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Working in Retirement – Not Always an Advisor’s First Choice

Working in Retirement – Not Always an Advisor’s First Choice

Considering that the average age of a financial advisor is 56, the topics of succession planning, practice valuation and exit strategies are hot button issues in our industry today. Here at The Advisor Center, we have seen just how difficult this professional stage is to navigate. After reviewing the preliminary data from our recent GrowthCheck survey, one thing became clear: many advisors simply have not thought about what they will do when it’s time to retire. Looking at our initial wave of respondents, an overwhelming 77% of advisors do not have a clearly documented succession plan in place, while another 61% have not had their practices professionally valuated. 

 

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Instead, our data suggests that many advisors are choosing to continue to work with existing clients rather than retiring. These advisors often love what they do and don’t want to give up their practice or their relationships with their clients. More than half (58%) of advisors also report having access to robust technology that gives them the ability to work remotely. This flexibility allows the advisor to winter in warmer weather, live part-time in more peaceful locations or take extended trips – all while continuing to serve their clients and generate income.

 

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A working retirement may not be ideal for all advisors, however. For advisors who hope to retire some day and enjoy the benefits of their successful careers, there are other options:

 

  • Groom a Junior Advisor: Bringing on a junior advisor is best suited to those with the time to orchestrate and implement a long-term plan that includes a commitment to guiding the advisor as well as providing structure, training, time and financial support. Business owners considering this option are typically looking for one of two types of junior advisors. The first is a professional with three to five years of experience in the advisory business, an understanding of the industry basics and the ability to hit the ground running. The second is a career changer or college graduate who can be trained in the industry and in the company’s culture from the ground up.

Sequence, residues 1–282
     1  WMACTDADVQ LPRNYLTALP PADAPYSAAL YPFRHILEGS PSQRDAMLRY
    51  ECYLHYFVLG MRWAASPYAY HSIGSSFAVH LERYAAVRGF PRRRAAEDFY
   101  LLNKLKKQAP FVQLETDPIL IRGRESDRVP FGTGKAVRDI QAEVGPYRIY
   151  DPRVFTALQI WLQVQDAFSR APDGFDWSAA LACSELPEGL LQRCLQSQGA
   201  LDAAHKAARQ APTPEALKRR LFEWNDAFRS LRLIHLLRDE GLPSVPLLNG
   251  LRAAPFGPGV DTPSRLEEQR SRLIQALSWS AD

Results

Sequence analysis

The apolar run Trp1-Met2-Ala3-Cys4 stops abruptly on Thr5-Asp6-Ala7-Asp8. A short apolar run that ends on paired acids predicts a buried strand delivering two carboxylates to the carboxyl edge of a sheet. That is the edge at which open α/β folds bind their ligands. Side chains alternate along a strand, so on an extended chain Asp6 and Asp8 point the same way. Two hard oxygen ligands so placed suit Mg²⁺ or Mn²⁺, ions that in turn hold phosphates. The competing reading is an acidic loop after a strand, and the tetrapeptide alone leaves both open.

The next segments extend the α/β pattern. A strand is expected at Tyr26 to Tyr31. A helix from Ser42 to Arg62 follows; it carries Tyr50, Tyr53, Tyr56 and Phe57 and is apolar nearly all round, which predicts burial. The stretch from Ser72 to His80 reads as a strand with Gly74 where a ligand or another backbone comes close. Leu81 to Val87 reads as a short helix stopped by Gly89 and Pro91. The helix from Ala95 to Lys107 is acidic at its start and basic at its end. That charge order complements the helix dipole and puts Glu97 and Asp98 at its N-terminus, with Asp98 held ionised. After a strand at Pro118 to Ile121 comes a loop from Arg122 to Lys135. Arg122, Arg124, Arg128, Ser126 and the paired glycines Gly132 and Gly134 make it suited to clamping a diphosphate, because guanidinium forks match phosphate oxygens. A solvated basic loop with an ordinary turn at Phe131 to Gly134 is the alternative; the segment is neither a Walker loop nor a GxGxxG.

• Retire Outright: Although this seems like the simplest strategy, it is currently the least popular – much to the dismay of a large number of advisors out there looking to buy a practice. In choosing this route, many are opting for internal transactions within the broker-dealer itself and within the RIA custodian as these firms are eager to retain the outgoing advisor’s assets. In the mind of the retiring advisor, the transfer of the relationship seems to be easier than selling to an outside party.
  • Merge Your Practice: Rather than selling practices outright, internally or externally, more advisors are choosing to merge with and sell their assets to an ensemble practice sharing their affiliations and values. This option is particularly appealing to advisors who want to actively participate in building the bridges between their clients and the advisors who will eventually take over their investments. Joining an ensemble can serve as a long-term succession plan or facilitate a more immediate selling and transition of the assets.

 

For most independent advisors, succession planning is a very personal decision. Advisors should consider what they want to do next and take into consideration their timelines, their lifestyles and what’s best for their clients when deciding which strategy to follow. Waiting too long to put a plan into place is likely to leave an advisor uneasy and overwhelmed when the time comes to retire. 

 

 

Tom Daley serves as Founder and CEO of the Advisor Center

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